Assemblies of God AG

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Pentecostalism in the 20th
Century
Pentecostal Movement
• Pentecostalism adheres to the inerrancy of scripture
• necessity of accepting Christ as personal lord and savior.
• belief in the baptism with the Holy Spirit as an
experience separate from conversion that enables a
Christian to live a Holy Spirit–filled and empowered life.
• includes the use of spiritual gifts such as speaking in
tongues and divine healing—two other defining
characteristics of Pentecostalism
• Because of their commitment to biblical authority,
spiritual gifts, and the miraculous, Pentecostals tend to
see their movement as reflecting the same kind of
spiritual power and teachings that were found in the
Apostolic Age of the early church.
• For this reason, some Pentecostals also use the term
Apostolic or full gospel to describe their movement.
Pentecostal Movement
• An early dispute centered around challenges to the
doctrine of the Trinity.
• Pentecostal Movement is divided between trinitarian and
non-trinitarian branches.
• Comprising over 700 denominations and a large number
of independent churches
• no central authority governing Pentecostalism;
• many denominations are affiliated with the Pentecostal
World Fellowship.
• There are over 279 million Pentecostals worldwide,
• the movement is growing in many parts of the world,
especially the global South.
The Assemblies of God AG
• The Assemblies of God (AG), officially the
World Assemblies of God Fellowship,
• over 140 autonomous but loosely associated
national groupings of churches
• form the world's largest Pentecostal
denomination.[3]
• With over 300,000 ministers and outstations in
• over 212 countries and territories serving
approximately
• 66.4 million adherents worldwide,[2]
• sixth largest international Christian group of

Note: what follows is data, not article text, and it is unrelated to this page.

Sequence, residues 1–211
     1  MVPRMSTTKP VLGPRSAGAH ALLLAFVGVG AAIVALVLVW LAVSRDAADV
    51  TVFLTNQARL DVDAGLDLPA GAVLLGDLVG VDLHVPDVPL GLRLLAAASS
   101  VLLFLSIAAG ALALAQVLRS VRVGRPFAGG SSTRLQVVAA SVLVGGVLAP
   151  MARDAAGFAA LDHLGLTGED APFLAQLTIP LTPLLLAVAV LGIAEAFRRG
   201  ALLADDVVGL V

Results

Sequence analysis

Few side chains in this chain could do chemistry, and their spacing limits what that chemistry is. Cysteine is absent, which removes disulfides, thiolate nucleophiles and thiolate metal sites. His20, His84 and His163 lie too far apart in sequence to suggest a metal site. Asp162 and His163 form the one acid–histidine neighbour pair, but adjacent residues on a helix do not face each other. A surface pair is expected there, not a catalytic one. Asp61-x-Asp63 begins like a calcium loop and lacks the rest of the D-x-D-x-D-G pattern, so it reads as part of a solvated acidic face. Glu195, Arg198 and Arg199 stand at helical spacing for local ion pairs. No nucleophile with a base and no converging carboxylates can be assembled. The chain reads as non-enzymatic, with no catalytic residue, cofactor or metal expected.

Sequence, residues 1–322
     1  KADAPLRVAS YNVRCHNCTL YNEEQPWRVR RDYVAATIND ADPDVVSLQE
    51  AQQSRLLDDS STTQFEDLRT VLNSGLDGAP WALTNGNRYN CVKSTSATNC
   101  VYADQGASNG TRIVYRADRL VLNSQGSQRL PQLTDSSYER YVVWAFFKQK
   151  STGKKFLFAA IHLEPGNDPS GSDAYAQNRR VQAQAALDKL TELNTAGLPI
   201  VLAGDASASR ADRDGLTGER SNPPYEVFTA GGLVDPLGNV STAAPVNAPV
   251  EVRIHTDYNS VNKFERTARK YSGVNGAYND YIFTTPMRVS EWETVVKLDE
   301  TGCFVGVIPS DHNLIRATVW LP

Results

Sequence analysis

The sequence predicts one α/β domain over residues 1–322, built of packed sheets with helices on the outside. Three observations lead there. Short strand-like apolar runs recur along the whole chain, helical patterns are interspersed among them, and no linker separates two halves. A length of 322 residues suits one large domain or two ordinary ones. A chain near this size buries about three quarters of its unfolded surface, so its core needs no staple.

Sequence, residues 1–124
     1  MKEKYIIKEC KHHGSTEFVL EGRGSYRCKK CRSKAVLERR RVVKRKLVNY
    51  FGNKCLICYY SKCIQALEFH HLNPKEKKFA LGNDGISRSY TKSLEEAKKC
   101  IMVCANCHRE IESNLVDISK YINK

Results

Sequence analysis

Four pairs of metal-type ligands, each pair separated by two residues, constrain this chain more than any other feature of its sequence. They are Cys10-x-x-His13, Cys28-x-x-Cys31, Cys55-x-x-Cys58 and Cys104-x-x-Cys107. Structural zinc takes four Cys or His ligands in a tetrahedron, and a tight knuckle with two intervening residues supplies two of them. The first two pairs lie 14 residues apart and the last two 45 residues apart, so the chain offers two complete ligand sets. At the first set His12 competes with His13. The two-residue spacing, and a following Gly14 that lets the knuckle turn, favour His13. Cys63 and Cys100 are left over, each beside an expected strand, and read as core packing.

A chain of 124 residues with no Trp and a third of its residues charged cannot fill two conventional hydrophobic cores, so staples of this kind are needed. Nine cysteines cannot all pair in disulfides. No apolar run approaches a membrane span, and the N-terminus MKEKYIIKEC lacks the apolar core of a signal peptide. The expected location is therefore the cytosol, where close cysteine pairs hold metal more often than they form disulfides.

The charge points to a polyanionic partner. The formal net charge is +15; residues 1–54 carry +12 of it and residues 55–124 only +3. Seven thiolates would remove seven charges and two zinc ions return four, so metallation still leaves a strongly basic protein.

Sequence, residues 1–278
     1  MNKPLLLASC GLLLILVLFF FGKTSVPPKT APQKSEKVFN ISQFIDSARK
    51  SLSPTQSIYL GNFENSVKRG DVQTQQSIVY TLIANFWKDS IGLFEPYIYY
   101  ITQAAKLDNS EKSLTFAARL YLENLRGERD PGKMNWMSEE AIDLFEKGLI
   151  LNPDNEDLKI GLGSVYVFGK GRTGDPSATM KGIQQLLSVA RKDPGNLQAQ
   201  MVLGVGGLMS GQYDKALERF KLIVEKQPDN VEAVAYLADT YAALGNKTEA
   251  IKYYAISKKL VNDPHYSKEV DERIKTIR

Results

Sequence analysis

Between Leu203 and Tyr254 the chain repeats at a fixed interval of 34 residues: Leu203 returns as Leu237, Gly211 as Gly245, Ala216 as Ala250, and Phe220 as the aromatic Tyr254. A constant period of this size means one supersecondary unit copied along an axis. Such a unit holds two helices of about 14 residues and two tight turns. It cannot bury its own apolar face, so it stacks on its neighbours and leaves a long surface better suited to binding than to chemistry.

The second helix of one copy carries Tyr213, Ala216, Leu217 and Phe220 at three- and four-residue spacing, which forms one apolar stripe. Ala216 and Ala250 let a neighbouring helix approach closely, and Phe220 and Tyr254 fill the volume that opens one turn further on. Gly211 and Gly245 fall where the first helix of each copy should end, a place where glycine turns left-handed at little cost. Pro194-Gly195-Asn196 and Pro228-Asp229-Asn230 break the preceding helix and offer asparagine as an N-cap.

denominations.[4]
AoG doctrinal position
• classical Pentecostal and an evangelical context.
• The AG is Trinitarian and holds the
• Bible as divinely inspired and the infallible authoritative rule of faith
and conduct.
• Baptism by immersion is practiced
• Communion is also practiced.
• The Assemblies of God also places a strong emphasis on the
fulfillment of the Great Commission and believes that this is the main
calling of the church.[6]
• all Christians are entitled to and should seek the baptism in the Holy
Spirit.
• this experience is distinct from and subsequent to the experience of
salvation.
• The baptism in the Holy Spirit empowers the believer for Christian
life and service.
• The initial evidence of the baptism in the Holy Spirit is speaking in
tongues "as the Spirit gives utterance". In addition, it also believes in
the present day use of other spiritual gifts and in divine healing.[6]
AoG doctrinal position
• Pastors vary widely about the gift of
tongues
• Some say you cannot be a Christian
without it
• Some say you cannot be on the Board
without it
• Most believe strongly that strong
Christians have this gift
Nazarene Positions
• Pastors also vary widely about beliefs
• In the 1970’s there was almost a split over
tongues in the church, so all Nazarene churches
do not practice tongues publicly
• Official position (NOT in the Manual) states that
tongues is “glossalia” or real languages, and is
not to be used in church
• Verses:
• 1 Cor 14:39, 1 Cor 12: 27-31, 1 Cor 14:11-12,
All of 1 Cor 14
• Is there a “via media?” I believe that there is.
Sola Scriptura? Quadrilateral?
• Verses:
• 1 Cor 14:39, 1 Cor 12: 27-31, 1 Cor 14:11-12, All
of 1 Cor 14
• Is there a “via media?” I believe that there is.
• Tradition says: tongues is not just Christian, and
tongues is divisive – be careful
• Reason says: Tongues is strange, but seems to
be something very good Christians testify to
• Experience: ? What is your experience?
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